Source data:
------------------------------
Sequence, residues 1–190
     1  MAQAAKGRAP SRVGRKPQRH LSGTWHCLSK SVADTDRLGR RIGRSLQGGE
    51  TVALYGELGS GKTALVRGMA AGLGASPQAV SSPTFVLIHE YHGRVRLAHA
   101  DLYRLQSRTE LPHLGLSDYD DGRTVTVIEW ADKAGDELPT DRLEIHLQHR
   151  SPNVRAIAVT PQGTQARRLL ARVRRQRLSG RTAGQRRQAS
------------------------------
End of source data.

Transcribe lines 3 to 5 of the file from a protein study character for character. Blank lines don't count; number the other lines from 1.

    51  TVALYGELGS GKTALVRGMA AGLGASPQAV SSPTFVLIHE YHGRVRLAHA
   101  DLYRLQSRTE LPHLGLSDYD DGRTVTVIEW ADKAGDELPT DRLEIHLQHR
   151  SPNVRAIAVT PQGTQARRLL ARVRRQRLSG RTAGQRRQAS